In the first and only major study of its kind, researchers at MIT demonstrated that falsity on Twitter spreads quicker and further than truth. The researchers also noted that this is not a function of Twitter bots boosting falsehoods. Instead, the rate at which falsity spreads seems to be based on deep-seated human traits.
“False information online is often really novel and frequently negative,” said politics professor Brendan Nyhan in response to MIT’s research, adding that: “We know those are two features of information generally that grab our attention as human beings and that cause us to want to share that information with others – we’re attentive to novel threats and especially attentive to negative threats.”
Our tendency to focus on new and dangerous threats makes good evolutionary sense. But as much as it may seem so, Twitter is hardly the African savannah we humans emerged from 300,000 years ago. To understand why online falsity spreads quicker and further than truth, we need to analyse the importance of human community as well as the way Twitter encourages idle talk.
Being with others is an essential part of human life. We are particularly dependent on our parents and guardians in our youth and our friends and family in our old age, but work, travel, entertainment and every other aspect of our independent adult life involves coordinating our time and activities with others.
Given how important collaboration is for everyday life, human communication goes well beyond the description of facts such as “Water is H2O” or “Billy hit the baseball through the neighbour’s window”. We tell jokes and laugh. We get angry and shout. We play games and enjoy a good story. In short, a great deal of human discourse is about building a rapport with the people around us.
Discourse that is primarily about establishing a connection between people doesn’t tend to be concerned with truth. Imagine two friends discussing vaccine effectiveness against the latest Covid variant. Neither can pick up the phone and ring Dr Fauci to verify their respective claims, but they nevertheless engage in this talk to test each other and signal that they share a set of interests.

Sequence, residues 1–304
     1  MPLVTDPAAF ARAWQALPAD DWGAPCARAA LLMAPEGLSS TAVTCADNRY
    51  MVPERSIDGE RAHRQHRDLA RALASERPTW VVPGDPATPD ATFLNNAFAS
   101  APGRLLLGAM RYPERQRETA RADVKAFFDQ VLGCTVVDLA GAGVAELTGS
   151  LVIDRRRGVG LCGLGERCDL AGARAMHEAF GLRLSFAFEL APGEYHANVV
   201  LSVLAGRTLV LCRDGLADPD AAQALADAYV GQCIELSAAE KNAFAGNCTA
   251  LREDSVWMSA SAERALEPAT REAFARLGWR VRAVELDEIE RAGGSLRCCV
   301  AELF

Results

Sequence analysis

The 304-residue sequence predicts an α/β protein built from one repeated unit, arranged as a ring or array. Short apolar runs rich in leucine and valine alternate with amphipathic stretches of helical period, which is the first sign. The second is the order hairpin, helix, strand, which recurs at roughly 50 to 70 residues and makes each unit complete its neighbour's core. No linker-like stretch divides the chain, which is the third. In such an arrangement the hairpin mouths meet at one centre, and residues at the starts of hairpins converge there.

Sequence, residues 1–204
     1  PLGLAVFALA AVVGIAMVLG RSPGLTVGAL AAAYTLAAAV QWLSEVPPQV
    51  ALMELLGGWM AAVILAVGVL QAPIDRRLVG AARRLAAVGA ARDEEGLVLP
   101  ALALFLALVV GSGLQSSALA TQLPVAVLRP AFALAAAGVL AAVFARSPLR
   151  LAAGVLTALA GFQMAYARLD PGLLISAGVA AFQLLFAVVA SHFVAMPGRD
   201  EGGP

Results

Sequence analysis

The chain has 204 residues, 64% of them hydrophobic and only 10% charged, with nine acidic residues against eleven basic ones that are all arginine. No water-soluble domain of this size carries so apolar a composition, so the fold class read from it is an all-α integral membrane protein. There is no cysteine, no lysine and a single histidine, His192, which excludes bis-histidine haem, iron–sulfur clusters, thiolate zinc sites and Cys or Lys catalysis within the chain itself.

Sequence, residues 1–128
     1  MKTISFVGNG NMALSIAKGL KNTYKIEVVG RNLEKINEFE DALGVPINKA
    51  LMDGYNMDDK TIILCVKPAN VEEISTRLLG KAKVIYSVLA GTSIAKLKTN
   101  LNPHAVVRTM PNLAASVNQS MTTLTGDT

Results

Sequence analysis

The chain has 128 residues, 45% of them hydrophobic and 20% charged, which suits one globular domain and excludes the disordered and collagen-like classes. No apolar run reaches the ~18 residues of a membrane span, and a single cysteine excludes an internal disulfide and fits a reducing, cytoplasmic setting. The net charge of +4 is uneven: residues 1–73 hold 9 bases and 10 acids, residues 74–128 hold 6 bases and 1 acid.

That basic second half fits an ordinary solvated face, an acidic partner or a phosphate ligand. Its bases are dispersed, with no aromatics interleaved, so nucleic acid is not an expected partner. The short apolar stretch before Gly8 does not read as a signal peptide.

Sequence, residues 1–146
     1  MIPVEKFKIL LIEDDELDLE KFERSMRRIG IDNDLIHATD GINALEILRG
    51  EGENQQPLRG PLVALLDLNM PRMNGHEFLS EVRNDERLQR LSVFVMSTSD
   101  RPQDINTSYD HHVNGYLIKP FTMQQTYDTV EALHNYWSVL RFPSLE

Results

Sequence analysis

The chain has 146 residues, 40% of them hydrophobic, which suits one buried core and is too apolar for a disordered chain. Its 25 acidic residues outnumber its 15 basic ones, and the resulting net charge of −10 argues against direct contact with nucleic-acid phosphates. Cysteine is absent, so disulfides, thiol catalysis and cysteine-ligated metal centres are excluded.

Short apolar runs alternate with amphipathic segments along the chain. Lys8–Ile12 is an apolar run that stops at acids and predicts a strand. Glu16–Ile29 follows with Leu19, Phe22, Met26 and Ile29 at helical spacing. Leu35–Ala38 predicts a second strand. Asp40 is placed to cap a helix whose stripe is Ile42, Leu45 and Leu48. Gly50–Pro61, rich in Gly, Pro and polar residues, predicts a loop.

The philosopher Martin Heidegger calls this type of discourse “idle talk”. According to Heidegger, “When we engage in idle talk we do not so much understand the things which are talked about; we are only listening to what is said-in-the-talk as such. What is said-in-the-talk gets understood; but what the talk is about is understood only approximately and superficially. We have the same thing in view because it is in the same averageness that we have a common understanding of what is said.”
Briefly, the general meaning of words like “vaccine”, “effectiveness”, and “Covid” are easily understood and thus enable anyone to talk about vaccine effectiveness against Covid variants. But unless we are health reporters, virologist or epidemiologists, our conversation about vaccine effectiveness is detached from the context required to test the truth of our claims. Idle talk, as Heidegger puts it, “has lost its primary relationship to the entity being talked about”, but “the fact that talk is going on is a matter of consequence”.
[see also: Heidegger, the homesick philosopher]
Although idle talk is cut off from the context in which speakers could verify their claims, its ability to establish a connection between people gives it communal authority. As we have seen, talking casually about Covid requires no research or expertise, and this means idle talk about vaccines can effortlessly be shared with friends and colleagues. In fact, Heidegger says “the groundlessness of idle talk is no obstacle to its becoming public; instead it encourages this” insofar as idle talk easily “spreads in wider circles and takes on an authoritative character”.